NCAC Lunch Presentation | A U.S. View of Global Oil and Natural Gas Issues

  • 13 Jul 2018
  • 12:00 PM - 2:00 PM
  • Chinatown Gardens, 618 H St NW, Washington, DC 20001
  • 0


Registration is closed

Presenters: Guy Caruso, Senior Adviser at CSIS and President of USAEE and Michael Ratner, Specialist in Energy Policy at Congressional Research Service

Description:  Oil prices are on the rise. Natural gas is becoming a global commodity. The United States is the largest producer of both, and has entered the export market. Last year, U.S. crude oil exports went to 37 destinations, up from 27 in the prior year.  2017 was also the first year since 1957 that the U.S exported more natural gas than it imported.

Guy and Michael will address global oil and natural gas issues from the U.S. perspective. This will be a lively and informative discussion.

About the Presenters: Guy F. Caruso is a senior adviser in the Energy and National Security Program at CSIS. Prior to joining CSIS, he served as administrator of the U.S. Energy Information Administration (EIA) from July 2002 to September 2008. EIA is the statistical agency within the U.S. Department of Energy (DOE) that provides independent data, forecasts, and analyses regarding energy. Before leading EIA, Caruso had acquired over 40 years of energy experience, with particular emphasis on topics relating to energy markets, policy, and security. He first joined DOE as a senior energy economist in the Office of International Affairs and soon became director of the Office of Market Analysis. He has also held a variety of other senior leadership positions at DOE.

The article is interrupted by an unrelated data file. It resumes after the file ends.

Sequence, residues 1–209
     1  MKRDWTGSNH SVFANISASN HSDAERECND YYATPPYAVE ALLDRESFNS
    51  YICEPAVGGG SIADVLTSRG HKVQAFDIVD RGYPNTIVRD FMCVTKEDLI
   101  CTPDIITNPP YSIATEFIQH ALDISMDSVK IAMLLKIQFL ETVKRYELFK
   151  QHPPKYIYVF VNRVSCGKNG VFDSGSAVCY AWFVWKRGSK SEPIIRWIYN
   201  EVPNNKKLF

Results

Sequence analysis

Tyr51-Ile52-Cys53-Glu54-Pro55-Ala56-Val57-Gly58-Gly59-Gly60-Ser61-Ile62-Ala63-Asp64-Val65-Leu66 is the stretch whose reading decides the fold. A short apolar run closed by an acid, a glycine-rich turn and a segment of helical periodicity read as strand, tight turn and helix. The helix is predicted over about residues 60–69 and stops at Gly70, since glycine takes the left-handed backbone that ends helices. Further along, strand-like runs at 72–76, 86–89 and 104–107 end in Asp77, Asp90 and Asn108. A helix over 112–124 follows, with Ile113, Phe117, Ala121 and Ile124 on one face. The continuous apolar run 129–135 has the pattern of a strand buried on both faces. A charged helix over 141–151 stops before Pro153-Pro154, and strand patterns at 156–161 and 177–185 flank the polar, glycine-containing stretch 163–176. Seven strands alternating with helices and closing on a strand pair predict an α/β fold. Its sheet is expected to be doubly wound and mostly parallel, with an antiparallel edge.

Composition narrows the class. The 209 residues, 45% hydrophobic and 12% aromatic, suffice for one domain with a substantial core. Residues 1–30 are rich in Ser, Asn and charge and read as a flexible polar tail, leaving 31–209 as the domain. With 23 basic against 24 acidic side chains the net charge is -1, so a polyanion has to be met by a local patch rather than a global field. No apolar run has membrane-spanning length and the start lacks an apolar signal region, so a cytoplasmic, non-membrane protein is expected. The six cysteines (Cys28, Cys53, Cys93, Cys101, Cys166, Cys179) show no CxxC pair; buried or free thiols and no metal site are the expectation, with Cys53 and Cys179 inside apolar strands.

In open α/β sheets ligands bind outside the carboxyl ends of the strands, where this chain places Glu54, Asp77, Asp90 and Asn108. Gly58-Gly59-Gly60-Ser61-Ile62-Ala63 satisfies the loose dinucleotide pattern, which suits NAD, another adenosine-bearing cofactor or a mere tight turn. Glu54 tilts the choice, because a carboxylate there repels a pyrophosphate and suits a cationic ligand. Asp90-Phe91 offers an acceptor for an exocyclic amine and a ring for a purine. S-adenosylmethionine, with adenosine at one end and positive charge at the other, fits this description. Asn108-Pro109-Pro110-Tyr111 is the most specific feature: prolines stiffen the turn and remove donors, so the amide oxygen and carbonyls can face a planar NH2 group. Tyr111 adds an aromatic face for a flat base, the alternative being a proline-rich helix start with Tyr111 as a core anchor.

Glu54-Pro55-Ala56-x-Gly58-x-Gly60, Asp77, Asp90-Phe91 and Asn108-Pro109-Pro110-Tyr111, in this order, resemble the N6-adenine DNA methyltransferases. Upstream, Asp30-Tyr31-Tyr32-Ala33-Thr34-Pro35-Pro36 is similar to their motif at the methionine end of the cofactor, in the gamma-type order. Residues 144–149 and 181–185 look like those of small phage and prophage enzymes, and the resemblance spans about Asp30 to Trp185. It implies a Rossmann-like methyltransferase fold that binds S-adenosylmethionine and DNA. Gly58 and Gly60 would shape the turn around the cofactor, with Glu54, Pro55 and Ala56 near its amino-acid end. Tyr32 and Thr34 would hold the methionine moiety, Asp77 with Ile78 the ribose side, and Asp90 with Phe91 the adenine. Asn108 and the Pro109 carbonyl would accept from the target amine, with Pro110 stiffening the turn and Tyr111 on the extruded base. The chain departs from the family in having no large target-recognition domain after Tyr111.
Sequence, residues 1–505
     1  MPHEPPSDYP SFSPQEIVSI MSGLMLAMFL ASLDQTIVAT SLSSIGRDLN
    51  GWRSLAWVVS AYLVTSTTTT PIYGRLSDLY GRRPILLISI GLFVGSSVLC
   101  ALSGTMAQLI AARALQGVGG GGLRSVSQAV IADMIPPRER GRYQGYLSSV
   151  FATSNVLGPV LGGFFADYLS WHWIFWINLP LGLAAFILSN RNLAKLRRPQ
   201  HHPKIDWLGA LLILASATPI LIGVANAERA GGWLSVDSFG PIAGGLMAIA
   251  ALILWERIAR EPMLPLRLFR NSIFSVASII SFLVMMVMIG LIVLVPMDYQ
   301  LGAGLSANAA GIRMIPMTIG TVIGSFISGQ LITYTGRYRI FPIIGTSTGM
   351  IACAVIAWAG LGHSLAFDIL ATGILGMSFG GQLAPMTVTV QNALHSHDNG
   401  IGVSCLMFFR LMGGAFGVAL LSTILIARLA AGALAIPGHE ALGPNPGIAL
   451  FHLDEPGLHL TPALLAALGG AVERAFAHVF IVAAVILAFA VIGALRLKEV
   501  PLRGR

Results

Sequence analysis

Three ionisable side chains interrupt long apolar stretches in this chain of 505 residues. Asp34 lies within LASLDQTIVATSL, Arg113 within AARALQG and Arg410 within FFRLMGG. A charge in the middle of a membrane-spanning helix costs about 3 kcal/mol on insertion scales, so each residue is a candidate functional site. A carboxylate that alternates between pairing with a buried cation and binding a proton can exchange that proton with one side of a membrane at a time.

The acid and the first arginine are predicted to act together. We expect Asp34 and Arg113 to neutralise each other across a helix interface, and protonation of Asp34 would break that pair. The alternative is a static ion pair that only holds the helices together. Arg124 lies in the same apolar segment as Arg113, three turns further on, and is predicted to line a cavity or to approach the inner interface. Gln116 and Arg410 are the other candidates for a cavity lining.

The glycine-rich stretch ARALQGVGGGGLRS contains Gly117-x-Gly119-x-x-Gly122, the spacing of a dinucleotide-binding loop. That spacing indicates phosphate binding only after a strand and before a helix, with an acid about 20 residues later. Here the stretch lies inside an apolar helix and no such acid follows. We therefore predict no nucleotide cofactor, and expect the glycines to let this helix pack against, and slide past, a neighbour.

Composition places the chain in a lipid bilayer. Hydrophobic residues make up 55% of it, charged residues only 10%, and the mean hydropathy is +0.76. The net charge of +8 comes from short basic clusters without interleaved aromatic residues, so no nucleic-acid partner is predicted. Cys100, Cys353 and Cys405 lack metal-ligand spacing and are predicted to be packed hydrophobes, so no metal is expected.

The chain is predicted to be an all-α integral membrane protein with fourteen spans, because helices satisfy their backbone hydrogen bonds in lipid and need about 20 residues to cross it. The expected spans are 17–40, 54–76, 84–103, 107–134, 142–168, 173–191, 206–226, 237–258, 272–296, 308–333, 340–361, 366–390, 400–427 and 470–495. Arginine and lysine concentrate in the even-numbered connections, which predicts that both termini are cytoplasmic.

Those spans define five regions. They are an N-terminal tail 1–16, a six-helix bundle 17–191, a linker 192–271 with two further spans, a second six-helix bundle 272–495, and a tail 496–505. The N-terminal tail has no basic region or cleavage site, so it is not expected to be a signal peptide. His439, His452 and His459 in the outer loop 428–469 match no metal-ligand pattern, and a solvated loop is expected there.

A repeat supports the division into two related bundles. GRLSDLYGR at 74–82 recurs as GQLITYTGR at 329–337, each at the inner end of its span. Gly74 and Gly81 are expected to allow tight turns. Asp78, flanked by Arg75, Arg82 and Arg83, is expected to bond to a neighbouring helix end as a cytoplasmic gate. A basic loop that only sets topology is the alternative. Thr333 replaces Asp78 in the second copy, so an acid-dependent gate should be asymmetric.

Michael Ratner is a Specialist in Energy Policy at Congressional Research Service (CRS), focusing on natural gas and oil markets, as well as other energy and infrastructure issues.  Since joining CRS, Michael has carved out natural gas as a specialty and developed natural gas as a separate area of research. Prior to joining CRS, Michael was a senior energy analyst at the Central Intelligence Agency, specializing in global natural gas issues.  Michael has over 20 years of experience throughout the energy value chain in both the public and private sectors. Michael has an MS in Mineral Economics from the Colorado School of Mines, an MA in International Economics and U.S. Foreign Policy from Johns Hopkins’ School of Advanced International Studies (SAIS), and a BA in International Relations from Columbia University.

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